AMES, Iowa Carbohydrates are part of our daily vocabulary. We all know they're part of a healthy diet. We know they're in breads and pastas. We know they have something to do with starches and sugars. But, even though carbohydrates are so familiar, there's still a lot for science to learn about them.
"Our knowledge of carbohydrates is still in its infancy," said Nikki Pohl, an Iowa State University associate professor of chemistry. Pohl said there's more to learn about carbohydrates because it's very difficult to synthesize specific carbohydrate molecules for study. To date, that's been a slow, labor-intensive and expensive practice.
But Pohl thinks she's found a solution. She's developed a synthesis technology that's predictable, automated and much more efficient. It can even handle the production of complex carbohydrate molecules with multiple branches and long chains of sugars.
The Iowa State University Research Foundation Inc. has filed for a patent of Pohl's technology.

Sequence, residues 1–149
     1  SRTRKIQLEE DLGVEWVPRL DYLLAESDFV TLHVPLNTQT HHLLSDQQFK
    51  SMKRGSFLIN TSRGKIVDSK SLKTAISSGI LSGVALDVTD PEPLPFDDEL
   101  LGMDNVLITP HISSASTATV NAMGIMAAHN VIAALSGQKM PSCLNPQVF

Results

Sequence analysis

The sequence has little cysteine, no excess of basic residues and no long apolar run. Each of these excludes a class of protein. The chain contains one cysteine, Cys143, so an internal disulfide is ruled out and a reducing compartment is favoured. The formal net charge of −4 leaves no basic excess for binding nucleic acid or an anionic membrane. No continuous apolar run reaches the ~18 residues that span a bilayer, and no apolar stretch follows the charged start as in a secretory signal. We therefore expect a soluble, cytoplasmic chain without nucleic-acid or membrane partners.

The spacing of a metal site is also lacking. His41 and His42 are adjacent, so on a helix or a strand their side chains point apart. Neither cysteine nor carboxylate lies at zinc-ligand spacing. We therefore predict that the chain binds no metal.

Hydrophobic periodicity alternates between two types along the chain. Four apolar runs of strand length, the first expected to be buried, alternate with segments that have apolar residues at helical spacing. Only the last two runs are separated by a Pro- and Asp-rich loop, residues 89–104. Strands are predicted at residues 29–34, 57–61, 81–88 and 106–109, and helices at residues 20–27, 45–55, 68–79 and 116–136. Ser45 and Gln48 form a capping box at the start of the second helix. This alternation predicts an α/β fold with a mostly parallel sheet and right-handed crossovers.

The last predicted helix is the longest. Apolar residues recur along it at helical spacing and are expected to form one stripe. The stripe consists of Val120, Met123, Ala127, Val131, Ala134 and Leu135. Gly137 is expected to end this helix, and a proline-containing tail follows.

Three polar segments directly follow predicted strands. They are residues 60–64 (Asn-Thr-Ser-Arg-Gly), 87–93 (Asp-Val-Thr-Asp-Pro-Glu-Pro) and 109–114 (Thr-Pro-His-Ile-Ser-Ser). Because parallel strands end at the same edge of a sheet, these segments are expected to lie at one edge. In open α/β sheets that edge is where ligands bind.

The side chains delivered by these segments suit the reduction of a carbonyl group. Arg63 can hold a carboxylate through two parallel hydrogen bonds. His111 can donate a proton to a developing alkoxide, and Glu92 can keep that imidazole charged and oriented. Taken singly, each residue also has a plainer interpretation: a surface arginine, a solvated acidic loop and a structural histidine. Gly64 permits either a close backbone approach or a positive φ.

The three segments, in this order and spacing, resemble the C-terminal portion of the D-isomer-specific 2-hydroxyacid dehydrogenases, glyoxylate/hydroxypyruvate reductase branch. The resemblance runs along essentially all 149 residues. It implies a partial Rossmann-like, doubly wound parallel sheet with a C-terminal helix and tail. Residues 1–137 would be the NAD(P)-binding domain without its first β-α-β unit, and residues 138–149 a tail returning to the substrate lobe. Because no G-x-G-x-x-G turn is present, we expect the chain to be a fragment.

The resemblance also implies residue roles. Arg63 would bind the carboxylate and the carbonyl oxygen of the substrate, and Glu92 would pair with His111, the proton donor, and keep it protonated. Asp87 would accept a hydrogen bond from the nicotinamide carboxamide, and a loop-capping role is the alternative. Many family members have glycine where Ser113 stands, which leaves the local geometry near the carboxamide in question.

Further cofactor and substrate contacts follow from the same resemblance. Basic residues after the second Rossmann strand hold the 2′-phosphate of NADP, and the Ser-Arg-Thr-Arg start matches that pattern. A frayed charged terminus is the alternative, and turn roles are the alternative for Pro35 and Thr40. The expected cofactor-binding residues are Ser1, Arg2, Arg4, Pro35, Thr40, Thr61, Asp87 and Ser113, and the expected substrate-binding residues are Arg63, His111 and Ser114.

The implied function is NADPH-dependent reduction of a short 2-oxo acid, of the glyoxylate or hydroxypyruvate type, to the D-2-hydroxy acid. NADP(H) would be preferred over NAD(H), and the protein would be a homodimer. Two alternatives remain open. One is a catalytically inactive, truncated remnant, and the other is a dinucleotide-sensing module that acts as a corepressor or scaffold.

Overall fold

She says her process can fabricate a custom-order, complex carbohydrate molecule in 24 hours. Current commercial technology requires six to 12 months for the same molecule at a cost that can be 10 times higher than Pohl's technology.
Pohl has launched a startup company called LuCELLa Biosciences Inc. to license the technology and use it to produce and market carbohydrate molecules for researchers at universities, government agencies and private pharmaceutical companies. The company is now located in the Roy J. Carver Co-Laboratory on the Iowa State campus.
Pohl is developing her technology and advancing the startup company with the help of a $66,477 grant from the Grow Iowa Values Fund, a state economic development program.
Beatrice Collet, the principal scientist for LuCELLa and a former post-doctoral researcher in Pohl's Iowa State lab, said the company plans to develop an online catalog and begin selling carbohydrates b
|Contact: Nikki Pohl|
Iowa State University